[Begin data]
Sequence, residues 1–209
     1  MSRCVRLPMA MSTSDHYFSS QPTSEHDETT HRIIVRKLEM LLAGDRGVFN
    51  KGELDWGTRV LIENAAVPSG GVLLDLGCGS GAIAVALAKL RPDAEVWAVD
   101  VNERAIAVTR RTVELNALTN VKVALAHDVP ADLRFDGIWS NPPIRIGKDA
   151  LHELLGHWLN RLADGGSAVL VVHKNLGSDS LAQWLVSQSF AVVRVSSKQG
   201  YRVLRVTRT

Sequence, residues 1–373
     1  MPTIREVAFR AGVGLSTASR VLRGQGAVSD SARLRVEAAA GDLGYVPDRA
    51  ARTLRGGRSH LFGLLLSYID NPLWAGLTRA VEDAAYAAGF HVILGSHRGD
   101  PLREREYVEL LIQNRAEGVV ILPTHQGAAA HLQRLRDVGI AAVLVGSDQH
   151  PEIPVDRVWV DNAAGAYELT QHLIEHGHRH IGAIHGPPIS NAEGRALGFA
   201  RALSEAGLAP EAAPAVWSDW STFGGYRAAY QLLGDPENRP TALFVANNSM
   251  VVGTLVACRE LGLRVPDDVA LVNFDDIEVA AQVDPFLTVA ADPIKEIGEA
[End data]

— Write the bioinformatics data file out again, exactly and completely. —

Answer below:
Sequence, residues 1–209
     1  MSRCVRLPMA MSTSDHYFSS QPTSEHDETT HRIIVRKLEM LLAGDRGVFN
    51  KGELDWGTRV LIENAAVPSG GVLLDLGCGS GAIAVALAKL RPDAEVWAVD
   101  VNERAIAVTR RTVELNALTN VKVALAHDVP ADLRFDGIWS NPPIRIGKDA
   151  LHELLGHWLN RLADGGSAVL VVHKNLGSDS LAQWLVSQSF AVVRVSSKQG
   201  YRVLRVTRT

Sequence, residues 1–373
     1  MPTIREVAFR AGVGLSTASR VLRGQGAVSD SARLRVEAAA GDLGYVPDRA
    51  ARTLRGGRSH LFGLLLSYID NPLWAGLTRA VEDAAYAAGF HVILGSHRGD
   101  PLREREYVEL LIQNRAEGVV ILPTHQGAAA HLQRLRDVGI AAVLVGSDQH
   151  PEIPVDRVWV DNAAGAYELT QHLIEHGHRH IGAIHGPPIS NAEGRALGFA
   201  RALSEAGLAP EAAPAVWSDW STFGGYRAAY QLLGDPENRP TALFVANNSM
   251  VVGTLVACRE LGLRVPDDVA LVNFDDIEVA AQVDPFLTVA ADPIKEIGEA